The Corpse Flower

New and Selected Poems

Bruce Beasley

  • Published: 2007
  • Subject Listing: Literature / Poetry
  • Bibliographic information: 224 pp., 6 x 9 in.
  • Series: Pacific Northwest Poetry Series
  • Contents

The Corpse Flower brings works from Bruce Beasley's first four award-winning collections together with twenty-five new poems, organizing them around the metaphor that gives the book its title: an enormous tropical bloom that reeks like carrion, and around whose three-day florescence "dung beetles and flies and sweat bees swarm / . . . pollen gummed all over / their furred feet." The corpse flower serves as a figure for Beasley's coming to terms with birth and death, fecundity and decay, the illusion of death, and the flourishing of the rare and beautiful out of the materials of the decayed.

The Corpse Flower traces a spiritual pilgrimage, weaving autobiography into a larger meditation on the materials of language and of the life of the spirit. Beasley's is a deeply physical spirituality - as he writes in one poem, "the soul's / impossible to tell / from the objects of its appetite." Throughout these poems, family mythology, as well as religious and mythic narrative and iconography, become occasions for extraordinary meditations on the physicality of birth and death, beginnings and endings. This substantial selection of Bruce Beasley's work, written over a twenty year period, offers the opportunity to experience, page by page, a poet's evolution, and to follow a unique, creative mind as it reaches, through interrogations of faith, science, and art, toward some form of resolution - a resolution increasingly represented by the beauties of language itself.

On Summer Mystagogia

"These brilliant poems, often both mythic and demotic, powerfully initiate the reader into a world at once marred and yet suffused by the signs and wonders of an 'irresistible grace.' . . . A wonderfully resilient and hard-won poetry of witness." -Boston Review
Bruce Beasley is professor of English at Western Washington University in Bellingham. He is the author of five previous books including Spirituals and Signs and Abominations. Among his awards and honors are fellowships from the National Endowment for the Arts and Artist Trust, two Pushcart Prizes, the 1996 Colorado Prize (chosen by Charles Wright) for Summer Mystagogia, the Ohio State University Press / Journal Award for The Creation, and the Contemporary Poetry Series Award from the University of Georgia Press for Lord Brain.On Summer Mystagogia
from Spirituals (1988), The Creation (1994), and Summer Mystagogia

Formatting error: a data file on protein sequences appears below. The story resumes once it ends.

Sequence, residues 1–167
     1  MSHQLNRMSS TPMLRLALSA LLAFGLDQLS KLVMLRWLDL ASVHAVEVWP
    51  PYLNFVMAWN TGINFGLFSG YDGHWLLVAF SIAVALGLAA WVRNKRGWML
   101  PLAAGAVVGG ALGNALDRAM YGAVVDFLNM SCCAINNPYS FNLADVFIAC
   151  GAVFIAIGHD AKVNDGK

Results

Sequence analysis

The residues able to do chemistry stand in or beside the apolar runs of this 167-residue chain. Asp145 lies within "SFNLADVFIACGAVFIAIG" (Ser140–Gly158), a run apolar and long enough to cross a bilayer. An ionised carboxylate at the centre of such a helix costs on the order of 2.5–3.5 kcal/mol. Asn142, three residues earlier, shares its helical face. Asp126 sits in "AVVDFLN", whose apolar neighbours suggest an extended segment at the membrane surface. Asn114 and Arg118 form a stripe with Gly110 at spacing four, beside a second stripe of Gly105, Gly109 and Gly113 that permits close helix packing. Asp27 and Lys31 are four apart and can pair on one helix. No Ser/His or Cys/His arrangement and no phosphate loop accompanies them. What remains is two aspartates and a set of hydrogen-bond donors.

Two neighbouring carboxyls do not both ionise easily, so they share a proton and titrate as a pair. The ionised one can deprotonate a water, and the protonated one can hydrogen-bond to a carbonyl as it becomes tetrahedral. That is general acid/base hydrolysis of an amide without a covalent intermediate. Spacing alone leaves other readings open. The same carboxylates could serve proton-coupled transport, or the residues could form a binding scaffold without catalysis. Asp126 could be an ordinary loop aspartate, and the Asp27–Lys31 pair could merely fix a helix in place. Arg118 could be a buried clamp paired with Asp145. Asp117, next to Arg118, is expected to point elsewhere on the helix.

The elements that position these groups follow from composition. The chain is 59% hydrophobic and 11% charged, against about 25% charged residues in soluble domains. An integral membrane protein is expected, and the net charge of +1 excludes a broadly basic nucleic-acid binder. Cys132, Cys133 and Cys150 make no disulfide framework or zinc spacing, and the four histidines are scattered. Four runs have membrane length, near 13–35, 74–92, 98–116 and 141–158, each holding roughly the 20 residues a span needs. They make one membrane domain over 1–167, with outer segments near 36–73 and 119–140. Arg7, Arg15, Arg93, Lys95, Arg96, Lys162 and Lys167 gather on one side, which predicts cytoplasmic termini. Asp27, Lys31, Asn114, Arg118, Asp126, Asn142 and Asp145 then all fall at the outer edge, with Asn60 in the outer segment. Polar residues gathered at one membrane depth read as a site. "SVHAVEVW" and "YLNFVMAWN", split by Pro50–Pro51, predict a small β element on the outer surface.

The Creation of Eve
Eve, Learning to Speak
Indian Summer
The Instrument and Proper Corps of the Soule
At Easter
The Reliquary
The Cursing of the Fig Tree
Eurydice in Hades
Sweet Repeaters
Summer Mystagogia
Ugly Ohio
Idaho Compline
Arcana Mundi
Advent: Snow Incantation
The Monologue of the Signified
from A Mythic History of Alcoholism
After an Adoration
Sleeping in Santo Spirito
A Dogwood Tree in a Country Graveyard, at Easter
Before Thanksgiving
Going Home to Georgia
The Conceiving

from Signs and Abominations

What Did You Come to See

Negatives of O'Connor and Serrano
Hermetic Diary
Hermetic Self-Portrait
Mutating Villanelle
Errata Mystagogia
from Spiritual Alphabet in Midsummer
from The Mosntrum Fugue

The Corpse Flower: New Poems (2006)

The Corpse Flower

Not Light nor Life nor Love nor Nature nor Spirit nor Seblance
nor Anthing We Can Put into Words
And Go into the Street Which Is Called Straight
The Craps Hymnal
Lord's Prayer
The Vanishing Point

About the Poet

"Surprisingly moving and personal. . . . nuanced, playful, almost brutally frank, the early poems establish Beasley as a poet to be watched, and now the reader watches as they move-surely, inexorably-toward their metamorphosis. . . . A quick dip into the content reveals something else: an energy so compressed it is ready to spring forth, transforming itself in the process. Story and song and query and lung breathe at the core of these poems; they are exhaled- physically- as the (nearly) visible product of a mind ceaselessly roaming at the corridors of meaning, restlessly pacing the halls of experience, hacking away at convention and correlation, fiercely flying in the face of tradition. And to what end? To make, as he has, an amalgam of flesh and spirit, profanity and profundity, of such equal parts that it is impossible to distinguish the ordinary from the astonishing."
-Georgia Review

"Bruce Beasley is not quite like anyone else, and his progress has been dazzling to follow, one of the most satisfying growths into a major poetic presence . . . I have witnessed. . . . [His] ability to transubstantiate pain and loss into spiritual wonder is not to be missed."

"Bruce Beasley has crafted a piece of supreme symmetry. . . . Signs and Abominations is the present and future of poetic, theoretical thought; it is indeed the best road map yet for divining the mysterious relationship between the human and ethereal energies."
-Contemporary Poetry Review

"Startling, original . . . the monstrous and the divine flee from and chase one another throughout this fugal, challenging new book by one of our most stylistically and thematically intrepid young poets."
-Virginia Quarterly Review

"In poem after poem in this book . . . the effect is stunning. [This] is an important first book by an extremely talented young poet, a gift to us all."
-Quarterly West

"Spirituals is a book of apprenticeship in which one can see the potential for genius in the retelling of the old stories."
-Mark Jarman, Hudson Review

"Bruce Beasley is a refreshingly physical poet. . . . [He] has a good ear, essential to a poet, and sometimes his music is superb, almost as good as Yeats. . . . Beasley transforms longing into the ground of faith itself."
-Kathleen Norris, Books and Religion